Perhaps this encounter should have warned Atlas off, but he grew increasingly fascinated with Bellow. He decided to become Bellow’s authorized biographer, if he could. He was never authorized, but he wrote a biography anyway. It was Atlas’s second biography, and it made as dramatic a splash as his first, but this time to a chorus of critical condemnation.

Over the years it took Atlas to research the book, his relationship with Bellow grew increasingly rancorous. Bellow was distrustful of Atlas in part because the idea of a biography reminded him distressingly of his own death—it was, he said, “the shadow of the tombstone in the garden.” Bellow insisted upon signing off on each quotation. This struggle was complicated by how much Atlas admired Bellow. “I had wanted to be a son to him,” writes Atlas, “only to discover the spot was taken by several others.”

Writing a biography, he found, could be emotionally complicated. Immersing himself in the details of another person’s life led inevitably to self-comparison. But comparing himself to a celebrated novelist like Bellow was much less flattering than comparing himself to a forgotten poet like Schwartz. The process engendered envy and self-doubt:

“Most of the time I didn’t mind our unequal stature and talents: Go, you be the genius. But sometimes I felt: What about my life? Doesn’t it count, too? There comes, inevitably, a moment of rebellion, when the inequality begins to chafe. Biographers are people, too, even if we’re condemned to huddle in the shadow of our subjects’ monumentality. ... A thousand pages along, a decade in, the biographer cries out: What am I? Chopped liver? Yes. That’s what you signed on to be, and that’s what you are. Deal with it.”

The envy may have turned into resentment, and the resentment may have infected his prose. When his book was finally published in 2000, critics almost universally perceived it as an act of enmity against its subject. As late as 2015, when a new biography of Bellow appeared, this perception continued to cloud the reputation of Atlas’s book. In a review of that new biography for the New York Times, Dwight Garner wrote that Bellow had “lost faith in Mr. Atlas and stopped co-operating with him before the book was published.” But, Atlas protests, “whether he’d lost faith in me or not, he co-operated right up to the end.” It’s not the only one of these corrections that he issues. The Shadow in the Garden is at least partially a defense of Atlas’s honor in response to the harsh reception of this earlier book.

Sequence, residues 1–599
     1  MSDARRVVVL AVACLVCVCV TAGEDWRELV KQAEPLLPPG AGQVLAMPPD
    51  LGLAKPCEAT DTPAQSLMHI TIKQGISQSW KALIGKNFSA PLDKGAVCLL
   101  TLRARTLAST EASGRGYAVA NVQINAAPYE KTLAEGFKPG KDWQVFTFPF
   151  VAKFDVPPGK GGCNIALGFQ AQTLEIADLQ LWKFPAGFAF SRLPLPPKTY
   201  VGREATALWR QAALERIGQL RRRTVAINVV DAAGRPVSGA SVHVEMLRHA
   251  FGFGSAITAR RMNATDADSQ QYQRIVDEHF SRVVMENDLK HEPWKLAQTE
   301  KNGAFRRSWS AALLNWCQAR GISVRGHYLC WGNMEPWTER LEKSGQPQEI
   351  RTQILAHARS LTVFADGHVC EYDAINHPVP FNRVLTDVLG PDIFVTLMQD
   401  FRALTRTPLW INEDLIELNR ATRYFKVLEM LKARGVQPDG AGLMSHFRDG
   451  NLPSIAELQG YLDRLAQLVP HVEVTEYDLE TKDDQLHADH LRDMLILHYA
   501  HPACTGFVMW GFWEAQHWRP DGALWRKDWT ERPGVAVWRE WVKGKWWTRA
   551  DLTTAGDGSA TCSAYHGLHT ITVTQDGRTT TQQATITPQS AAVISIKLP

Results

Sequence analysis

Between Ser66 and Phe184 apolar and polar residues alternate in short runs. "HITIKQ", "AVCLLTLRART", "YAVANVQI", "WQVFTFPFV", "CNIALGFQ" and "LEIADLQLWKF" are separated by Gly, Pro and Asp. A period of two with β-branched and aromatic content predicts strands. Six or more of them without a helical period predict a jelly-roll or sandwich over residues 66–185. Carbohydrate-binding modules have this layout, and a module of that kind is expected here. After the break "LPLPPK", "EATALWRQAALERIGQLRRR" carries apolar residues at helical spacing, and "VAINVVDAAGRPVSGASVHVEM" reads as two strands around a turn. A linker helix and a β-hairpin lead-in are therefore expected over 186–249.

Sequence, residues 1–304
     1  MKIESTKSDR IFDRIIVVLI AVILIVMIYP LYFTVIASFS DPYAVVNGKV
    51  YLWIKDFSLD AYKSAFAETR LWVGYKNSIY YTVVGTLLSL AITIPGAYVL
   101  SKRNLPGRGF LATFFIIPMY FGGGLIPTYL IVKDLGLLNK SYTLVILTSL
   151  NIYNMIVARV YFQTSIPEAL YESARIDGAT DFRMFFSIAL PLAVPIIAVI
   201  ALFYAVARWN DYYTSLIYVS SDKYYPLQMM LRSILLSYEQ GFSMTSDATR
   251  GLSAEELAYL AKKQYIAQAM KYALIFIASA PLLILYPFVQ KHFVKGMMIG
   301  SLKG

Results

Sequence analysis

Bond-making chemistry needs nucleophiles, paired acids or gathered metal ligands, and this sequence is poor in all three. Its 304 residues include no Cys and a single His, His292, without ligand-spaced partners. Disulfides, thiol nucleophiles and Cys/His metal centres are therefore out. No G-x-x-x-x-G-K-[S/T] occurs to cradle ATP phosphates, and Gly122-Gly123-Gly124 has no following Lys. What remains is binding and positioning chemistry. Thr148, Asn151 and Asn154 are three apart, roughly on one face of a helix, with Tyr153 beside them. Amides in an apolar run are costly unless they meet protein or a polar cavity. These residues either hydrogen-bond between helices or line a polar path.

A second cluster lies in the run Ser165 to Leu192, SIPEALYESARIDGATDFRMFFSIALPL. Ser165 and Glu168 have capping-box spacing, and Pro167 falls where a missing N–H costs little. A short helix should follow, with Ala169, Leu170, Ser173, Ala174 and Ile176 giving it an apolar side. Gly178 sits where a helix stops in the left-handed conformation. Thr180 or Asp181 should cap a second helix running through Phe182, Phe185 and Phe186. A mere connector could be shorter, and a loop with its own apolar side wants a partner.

What saves the memoir is the self-awareness with which Atlas presents his personal experience. At times he is less defensive than apologetic, eager to get it right. He describes how the reception of his biography of Bellow caused him to worry obsessively about whether he had been unfair or malicious:

One day I sat down with yellow Post-its and went through my book page by page, marking the places where I felt I had gotten it wrong — not in fact but in tone, a thing much harder to get right. I referred to these as the Twelve Errors. ...  Some were ungenerous assertions: ‘Bellow wasn’t a nurturing person — to students, children, wives, or parents. He wanted the nurturing.’ Others were snotty: ‘Writers who posed a threat to Bellow’s hegemony got the cold shoulder.’ A few were judgmental, the worst sin of all: ‘In Bellow’s self-serving and sanctimonious account…’ How I longed to edit these sentences.

Over the years, Atlas would take down his book again and consider each Post-it, occasionally discarding one that, on reflection, did not seem to embody an error. Eventually he had an epiphany:

The key to writing biography is the capacity to be empathic; Holmes’s image of the biographer extending “a handshake” toward his subject stayed with me. At some point, without realizing it, I had withdrawn my hand.

Atlas chooses to join the chorus of condemnation against his own book; not on grounds of inaccuracy, but on grounds of unkindness. He claims to have fallen short of his own standards of empathic observation. The reader, however, is hard pressed to sympathize with the idea that he did not understand Bellow. Instead, it seems like Atlas got far too close.

The memoir is divided between the light and the darkness of biography, illustrated by the empathic triumph of his first book and the empathic failure of his second. He  contextualizes both experiences by interweaving discussions of the history of literary biography. Atlas discusses J.A. Froude, whose biography of Thomas Carlyle also acquired a reputation for hostility, and Elizabeth Gaskell, whose biography of Charlotte Brontë was attacked on every side by figures from Brontë’s life who disliked how they were portrayed in it. The suggestion is that The Shadow in the Garden is written on behalf of all the biographers whose honesty about their subjects was interpreted as gossip, or whose readability was maligned as salaciousness. Such are the pitfalls of the genre. But is biography writing worth it? Atlas thinks it is:

The challenge of reconstructing someone else’s world; the opportunity to educate yourself; the serendipitous encounters and unlikely finds, I found this invigorating. You could never hope to get it right. ... But if, over many years, you worked very hard and extended your hand, you could write a book that earned a high degree of permanence.